Thanks to the generosity of the American taxpayer and the Fulbright Commission, I am spending this year in Ankara, the capital of Turkey. According to my proposal, I am supposed to be teaching English and writing a novel. When I am not doing either of those things, I usually find myself on the couch reading. After nearly twenty years of school, reading what other people told me to read, the idea of planning my own personal syllabus is quite liberating, though somewhat scary.
Being in Turkey, I began the year with a heavy dose of Orhan Pamuk:My Name is Red, Snow, and Istanbul. I was in the middle of Snow (a mystery novel brimming over with culture clash, poetry, military coups, and romance) when he was awarded the Nobel Prize. Because of his willingness to question nationalist historical narratives, Pamuk is not very popular in Turkey. He is especially unpopular among people who have never read him. But despite his detractors at home, Pamuk is a brilliant writer and deserves the Nobel as much as anyone, in any country.
Next, on the advice of my former professor (and NBCC finalist) Michael Collier, I decided to check out the work of former New Yorker fiction editor William Maxwell. From what I had read about Maxwell, I expected his books to be competent, sentimental miniatures of the Midwest. I was wrong. The Folded Leaf blew me away. It’s a simple story of friendship tinged with homoerotic love. But he handles it with such confidence and kindness. Maxwell’s voice is unlike any other American author I have read, wise and sympathetic, painterly without being “evocative.” He reminds me of a pared down Gunter Grass or Jose Saramago trying to write like Hemingway. So Long, See You Tomorrow is one of the most moving books I have ever read, a memoir on par with Speak, Memory or Berlin Childhood around 1900. I liked Maxwell so much that, in spite of the exorbitant shipping costs, I just ordered three more of his books on Alibris.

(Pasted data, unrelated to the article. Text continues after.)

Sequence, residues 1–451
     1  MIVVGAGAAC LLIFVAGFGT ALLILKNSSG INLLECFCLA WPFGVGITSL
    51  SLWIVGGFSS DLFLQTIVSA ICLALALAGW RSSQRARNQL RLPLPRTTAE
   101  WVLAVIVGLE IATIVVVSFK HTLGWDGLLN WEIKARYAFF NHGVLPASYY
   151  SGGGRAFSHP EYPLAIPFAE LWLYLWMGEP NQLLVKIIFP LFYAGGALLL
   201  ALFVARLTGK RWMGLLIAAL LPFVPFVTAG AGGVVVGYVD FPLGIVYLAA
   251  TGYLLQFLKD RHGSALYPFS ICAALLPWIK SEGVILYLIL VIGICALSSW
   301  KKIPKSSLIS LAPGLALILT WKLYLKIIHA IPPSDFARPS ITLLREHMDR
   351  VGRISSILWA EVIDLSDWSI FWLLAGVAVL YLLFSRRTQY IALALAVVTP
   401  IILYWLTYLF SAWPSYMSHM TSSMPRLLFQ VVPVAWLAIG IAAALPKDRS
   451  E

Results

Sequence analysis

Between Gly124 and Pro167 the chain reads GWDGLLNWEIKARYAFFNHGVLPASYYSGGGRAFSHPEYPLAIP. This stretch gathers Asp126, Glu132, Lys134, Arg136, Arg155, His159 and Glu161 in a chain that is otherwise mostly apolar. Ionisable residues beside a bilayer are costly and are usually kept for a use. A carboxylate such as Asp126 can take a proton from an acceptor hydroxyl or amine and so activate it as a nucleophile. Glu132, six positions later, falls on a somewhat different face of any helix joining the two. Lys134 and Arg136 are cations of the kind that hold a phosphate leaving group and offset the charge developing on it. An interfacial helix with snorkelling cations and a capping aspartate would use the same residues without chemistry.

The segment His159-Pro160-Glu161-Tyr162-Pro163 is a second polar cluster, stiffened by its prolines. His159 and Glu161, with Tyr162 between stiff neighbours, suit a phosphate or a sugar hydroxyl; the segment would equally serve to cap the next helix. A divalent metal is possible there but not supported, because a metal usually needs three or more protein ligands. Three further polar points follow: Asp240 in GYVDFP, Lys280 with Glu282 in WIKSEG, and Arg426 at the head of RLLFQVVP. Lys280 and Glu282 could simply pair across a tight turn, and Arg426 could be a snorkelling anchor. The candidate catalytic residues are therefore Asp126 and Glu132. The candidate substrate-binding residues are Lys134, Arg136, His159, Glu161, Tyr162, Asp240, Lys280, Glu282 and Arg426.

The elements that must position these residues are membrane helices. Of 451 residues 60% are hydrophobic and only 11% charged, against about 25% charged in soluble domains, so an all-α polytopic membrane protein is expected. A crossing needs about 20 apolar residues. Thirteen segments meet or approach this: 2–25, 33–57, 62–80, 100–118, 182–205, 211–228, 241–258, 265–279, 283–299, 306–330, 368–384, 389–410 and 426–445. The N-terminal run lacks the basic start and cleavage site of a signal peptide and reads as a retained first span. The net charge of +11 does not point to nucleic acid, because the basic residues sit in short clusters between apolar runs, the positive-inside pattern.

While I wait for the Turkish postal service, I have been reading Flaubert in Egypt, a combination of travel journals and letters, translated, edited and introduced by Francis Steegmuller. I have always loved Madame Bovary, but reading his letters, I felt a strong connection to Flaubert himself, the 28-year old romantic trying to find his way in the literary world as he lounges about the Orient, reading Homer and writing letters to his mother. Now if I could only write like him.–Michael D. Lukas